What to do in Avila Spain
Now that we live in the mainland of Spain it´s so much easier to see more places and the best part is that some of these places we can see without booking any flights or hotels because they are manageable in a day. So was the case with Ávila…
Ávila is 108 km from Madrid centre and is mostly known for its intact medieval city walls which are 2.5km in length. It was named a world heritage site in 1985. The Old Town is a mix between Jewish, Muslim and Christian architecture. The medieval walls have 88 sirens and 9 gates. The most famous of these are probably Puerta de San Vicente and Puerta de Alcazar.
Here is a list of 9 things what to do in Avila Spain
The Medieval Walls
Ávila is best known for its intact medieval city walls which have long sections atop the walls that are walkable. Apparently they are a beautiful sight at night because they are illuminated at night but unfortunately it was just too cold for us to wait until it was dark…
Los Cuatro Postes
“The Four Posts” is 1.5km outside the walled city of Ávila. A cross covered by a four-posted canopy marks the spot where, at age seven, St. Teresa’s uncle stopped her from running off with her brother to seek martyrdom in battle with the Moors. It provides amazing views of the town’s famous medieval walls.
Plaza Mercado Chico
This square began to form at the dawn of the re-population of Ávila at the end of the XI century and here you can also find the Town Hall of Ávila. This is where we found pastelería (bakery) Muñoz Iselma and tried one of their yemas (small orange balls served in white confectionery paper and are made to honor Teresa of Ávila). They are often refered to as Yemas de Santa Teresa (english: Yolks of Saint Teresa) or Yemas de Ávila (english: Yolks of Ávila). They can be bought throughout Spain, but typically are connected with Ávila.
The Cathedral of Ávila is a Romanesque and Gothic Catholic church and was planned as a cathedral-fortress.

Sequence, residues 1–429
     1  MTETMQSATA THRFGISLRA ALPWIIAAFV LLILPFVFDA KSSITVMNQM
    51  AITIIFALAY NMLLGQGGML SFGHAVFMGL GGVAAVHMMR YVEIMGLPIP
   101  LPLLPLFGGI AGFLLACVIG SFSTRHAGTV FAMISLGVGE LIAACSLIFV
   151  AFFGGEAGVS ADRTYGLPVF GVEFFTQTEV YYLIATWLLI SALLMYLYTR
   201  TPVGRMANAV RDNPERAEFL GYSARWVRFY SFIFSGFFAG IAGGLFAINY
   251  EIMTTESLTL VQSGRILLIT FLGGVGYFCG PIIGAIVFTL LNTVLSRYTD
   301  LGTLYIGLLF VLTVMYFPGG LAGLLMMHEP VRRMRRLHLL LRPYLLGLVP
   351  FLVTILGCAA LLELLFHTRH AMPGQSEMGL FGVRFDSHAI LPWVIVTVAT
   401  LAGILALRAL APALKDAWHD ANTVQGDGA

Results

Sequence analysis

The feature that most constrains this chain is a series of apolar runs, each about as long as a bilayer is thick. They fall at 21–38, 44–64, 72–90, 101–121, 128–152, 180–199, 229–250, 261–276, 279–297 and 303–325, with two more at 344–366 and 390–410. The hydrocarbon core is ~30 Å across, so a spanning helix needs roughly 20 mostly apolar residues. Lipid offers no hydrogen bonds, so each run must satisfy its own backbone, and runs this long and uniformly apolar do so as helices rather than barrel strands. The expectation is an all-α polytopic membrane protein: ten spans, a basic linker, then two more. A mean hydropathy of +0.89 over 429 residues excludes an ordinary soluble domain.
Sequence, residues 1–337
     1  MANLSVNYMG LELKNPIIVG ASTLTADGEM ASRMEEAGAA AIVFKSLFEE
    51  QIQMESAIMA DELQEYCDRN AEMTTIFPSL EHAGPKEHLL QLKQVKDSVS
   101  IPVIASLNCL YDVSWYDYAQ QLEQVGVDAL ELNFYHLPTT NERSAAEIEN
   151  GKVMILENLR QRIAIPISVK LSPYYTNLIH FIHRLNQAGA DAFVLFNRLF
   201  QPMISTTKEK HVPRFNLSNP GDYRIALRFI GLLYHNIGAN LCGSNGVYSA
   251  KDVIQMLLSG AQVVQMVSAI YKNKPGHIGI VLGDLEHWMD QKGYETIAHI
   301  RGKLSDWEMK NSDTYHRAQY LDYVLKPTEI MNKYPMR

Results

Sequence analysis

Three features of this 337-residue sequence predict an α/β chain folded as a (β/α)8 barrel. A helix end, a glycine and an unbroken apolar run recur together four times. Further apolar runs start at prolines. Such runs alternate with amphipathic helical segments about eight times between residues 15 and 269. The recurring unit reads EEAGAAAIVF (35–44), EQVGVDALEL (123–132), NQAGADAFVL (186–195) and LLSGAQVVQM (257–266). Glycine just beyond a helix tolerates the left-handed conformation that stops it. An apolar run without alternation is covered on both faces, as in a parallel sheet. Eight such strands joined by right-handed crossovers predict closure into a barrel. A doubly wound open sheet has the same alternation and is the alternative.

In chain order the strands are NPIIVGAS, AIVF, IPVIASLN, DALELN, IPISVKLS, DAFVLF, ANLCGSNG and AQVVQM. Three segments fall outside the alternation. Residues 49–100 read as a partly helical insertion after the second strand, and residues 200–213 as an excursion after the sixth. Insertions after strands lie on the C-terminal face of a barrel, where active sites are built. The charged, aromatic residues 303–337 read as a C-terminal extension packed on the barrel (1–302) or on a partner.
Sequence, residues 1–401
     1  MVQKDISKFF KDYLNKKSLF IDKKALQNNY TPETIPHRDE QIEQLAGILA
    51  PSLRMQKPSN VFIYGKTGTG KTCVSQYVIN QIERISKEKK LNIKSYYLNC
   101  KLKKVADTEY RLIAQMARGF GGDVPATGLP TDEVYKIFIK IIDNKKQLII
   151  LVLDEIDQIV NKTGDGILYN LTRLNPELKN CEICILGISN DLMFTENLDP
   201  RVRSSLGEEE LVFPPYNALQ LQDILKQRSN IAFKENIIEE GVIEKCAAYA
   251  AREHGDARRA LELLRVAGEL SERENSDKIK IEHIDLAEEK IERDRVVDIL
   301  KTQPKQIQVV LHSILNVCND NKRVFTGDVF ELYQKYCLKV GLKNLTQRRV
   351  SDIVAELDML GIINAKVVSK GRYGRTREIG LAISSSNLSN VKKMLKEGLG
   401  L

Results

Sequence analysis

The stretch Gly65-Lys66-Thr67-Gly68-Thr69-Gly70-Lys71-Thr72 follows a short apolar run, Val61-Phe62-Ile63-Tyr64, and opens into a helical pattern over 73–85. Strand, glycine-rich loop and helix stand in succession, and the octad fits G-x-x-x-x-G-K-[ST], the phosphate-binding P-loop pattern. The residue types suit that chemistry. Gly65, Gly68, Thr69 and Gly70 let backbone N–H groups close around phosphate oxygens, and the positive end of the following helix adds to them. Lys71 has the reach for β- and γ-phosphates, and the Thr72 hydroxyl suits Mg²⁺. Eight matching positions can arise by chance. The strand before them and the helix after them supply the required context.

Real Monasterio de Santo Tomás
This Gothic style monastery is located in the city of Ávila and was founded in 1480 by a treasurer of the Catholic King, Hernán Núñez de Arnalte. Work began on it in 1482 under the direction of Martín de Solórzano and lasted until 1493.
Church of San Juan Bautista Ávila
A temple of Romanesque origin which was renovated at the beginning of the XVI century in Gothic style with evident Renaissance influences.
Puerta del Alcázar
Also known as ´Puerta del Mercado Grande´is one of the nine gates of the walls of Ávila and is located in the Plaza de Santa Teresa on the opposite side of the church of San Pedro.
Unfortunaely the line was too long for us to take the tourist train in Ávila but it´s definitely a good option because it can be quite a distance to walk to all the tourist attractions.
Tip: Buy your ticket before because we heard the conductor say that whoever bought their ticket ahead of time got to go on first.
We also tried mini coffee and chocolate eclairs at Chuchi (visit my Instagram feed to see some video clips of this balery under my ´highlights´ section called Foodspots Spain) which were really good .
The only negative thing I can say about our day is that I wish we rather went on a Spring or Autumn day because it was freezing cold the day we went in the middle of February (which is btw the coldest month in mainland Spain). I wouldn´t go in Summer either because it would probably be too hot…
Until next time guys, thanks for reading!